RJR: ‘Happy Holidays and Happy Smoking!’

“Recently, an investigation into the history of the phrase ‘Happy Holidays’ as a seasonal greeting in the United States by self-described history nerd Jeremy Aldrich turned up its usage as early as 1863, in the Philadelphia Inquirer. By the middle of the 20th century, the phrase was well established in popular usage, as shown in a study of ads run by the R.J. Reynolds Tobacco Company of Winston-Salem, North Carolina, in Carolina Magazine from 1935 to 1942 to encourage giving the gift of tobacco.

“A 1937 ad proclaimed: ‘A gift of Camels says, “Happy Holidays and Happy Smoking!” ‘ Other ads from the 1930s and early 1940s stuck to ‘Season’s Greetings,’ but all featured jolly, grinning Santa Clauses, reindeer, Christmas trees and other recognizable Christmas symbols….”

— From “The War of Words behind ‘Happy Holidays’” by at history.com (Dec. 14)


Naming Winston-Salem: A revisionist history

“Winston-Salem was a small city compared to Philadelphia…. We found out that Winston-Salem was where R. J. Reynolds Tobacco Company was located, which was why we saw all those endless huge fields of tobacco when we were coming down on the train….

“The city itself — and our college, too — was named after Winston and Salem cigarettes, I believe….”

— From “Earl the Pearl: My Story” by Earl Monroe (2013)

Monroe became a sensation on the Winston-Salem State basketball team, averaging 41 points per game his senior year, and later was named to four NBA All-Star teams.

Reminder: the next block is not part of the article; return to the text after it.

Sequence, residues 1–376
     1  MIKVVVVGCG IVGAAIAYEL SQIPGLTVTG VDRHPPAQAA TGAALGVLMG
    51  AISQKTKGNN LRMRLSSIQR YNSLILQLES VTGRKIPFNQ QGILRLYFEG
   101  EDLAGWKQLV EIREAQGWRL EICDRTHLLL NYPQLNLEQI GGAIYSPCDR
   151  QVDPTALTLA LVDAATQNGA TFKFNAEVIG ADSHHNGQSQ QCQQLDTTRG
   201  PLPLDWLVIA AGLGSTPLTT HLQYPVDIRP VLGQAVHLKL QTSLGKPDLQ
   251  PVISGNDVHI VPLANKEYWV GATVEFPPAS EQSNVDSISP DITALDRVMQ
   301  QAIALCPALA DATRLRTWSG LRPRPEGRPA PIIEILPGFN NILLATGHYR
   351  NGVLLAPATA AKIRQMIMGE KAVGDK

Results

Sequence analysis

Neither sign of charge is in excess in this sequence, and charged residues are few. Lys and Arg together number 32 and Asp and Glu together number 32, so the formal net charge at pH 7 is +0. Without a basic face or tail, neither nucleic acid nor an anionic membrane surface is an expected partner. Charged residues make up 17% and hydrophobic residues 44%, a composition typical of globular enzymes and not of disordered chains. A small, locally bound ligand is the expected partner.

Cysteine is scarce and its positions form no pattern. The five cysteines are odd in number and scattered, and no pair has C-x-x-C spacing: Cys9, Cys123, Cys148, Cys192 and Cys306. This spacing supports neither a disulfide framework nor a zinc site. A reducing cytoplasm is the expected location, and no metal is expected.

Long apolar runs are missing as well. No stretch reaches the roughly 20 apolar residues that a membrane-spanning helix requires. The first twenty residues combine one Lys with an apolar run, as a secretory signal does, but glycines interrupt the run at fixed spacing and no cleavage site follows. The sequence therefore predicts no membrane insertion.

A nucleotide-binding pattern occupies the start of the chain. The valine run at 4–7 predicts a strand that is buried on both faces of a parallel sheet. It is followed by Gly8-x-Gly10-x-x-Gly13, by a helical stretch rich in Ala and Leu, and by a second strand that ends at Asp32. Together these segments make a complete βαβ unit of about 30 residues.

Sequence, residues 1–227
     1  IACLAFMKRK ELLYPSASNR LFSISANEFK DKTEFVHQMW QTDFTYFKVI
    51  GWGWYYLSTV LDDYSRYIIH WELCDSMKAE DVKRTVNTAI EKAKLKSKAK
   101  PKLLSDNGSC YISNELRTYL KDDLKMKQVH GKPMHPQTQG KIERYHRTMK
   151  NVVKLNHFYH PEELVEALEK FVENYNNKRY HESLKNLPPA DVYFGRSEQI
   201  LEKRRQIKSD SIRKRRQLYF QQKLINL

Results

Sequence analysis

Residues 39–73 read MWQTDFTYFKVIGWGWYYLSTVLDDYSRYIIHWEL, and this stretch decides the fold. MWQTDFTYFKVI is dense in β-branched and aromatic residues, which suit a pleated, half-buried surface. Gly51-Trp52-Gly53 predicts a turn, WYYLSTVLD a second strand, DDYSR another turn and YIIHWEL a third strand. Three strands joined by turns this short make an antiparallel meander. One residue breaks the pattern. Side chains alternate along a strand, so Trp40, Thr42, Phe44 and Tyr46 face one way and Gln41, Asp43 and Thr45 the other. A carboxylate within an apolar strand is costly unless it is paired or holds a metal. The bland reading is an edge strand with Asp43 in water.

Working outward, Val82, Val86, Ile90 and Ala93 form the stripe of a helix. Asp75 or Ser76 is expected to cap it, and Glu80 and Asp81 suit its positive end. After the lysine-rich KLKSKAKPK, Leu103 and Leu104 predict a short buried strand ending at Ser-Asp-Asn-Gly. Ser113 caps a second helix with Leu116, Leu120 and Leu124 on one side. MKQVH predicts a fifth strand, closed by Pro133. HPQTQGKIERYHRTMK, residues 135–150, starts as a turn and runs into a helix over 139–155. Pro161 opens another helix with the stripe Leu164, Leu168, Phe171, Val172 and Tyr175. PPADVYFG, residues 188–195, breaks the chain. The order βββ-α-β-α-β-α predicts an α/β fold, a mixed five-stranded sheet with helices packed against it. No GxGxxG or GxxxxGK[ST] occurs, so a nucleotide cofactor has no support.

Could Richmond have become ‘Camel City’?

“The R.J. Reynolds Tobacco Co., formerly one of the largest subsidiaries of the American Tobacco Co., contemplates entering the cigarette manufacturing field.

“The main plug and smoking tobacco factories of the company are located at Winston-Salem, N.C., but it has not definitely decided as yet whether or not to locate the cigarette manufacturing end of its business in that city. The uncertainty is due to the fact that a bill framed to prevent cigarette manufacture is before the North Carolina state legislature.

“The company has two large warehouses in Richmond, and in the event of unfavorable legislation in North Carolina, the cigarette manufacturing for the company will be undertaken in Virginia.”

– From “If Legislation is Unfavorable in North Carolina, Plant May Be Located in Virginia” in the Wall Street Journal (Feb. 22, 1913)

I haven’t found details on the proposed ban on cigarette manufacturing, but it must not have turned out to be a problem — just a few months later Reynolds’ Winston-Salem plant would be turning out 425 million Camels per year.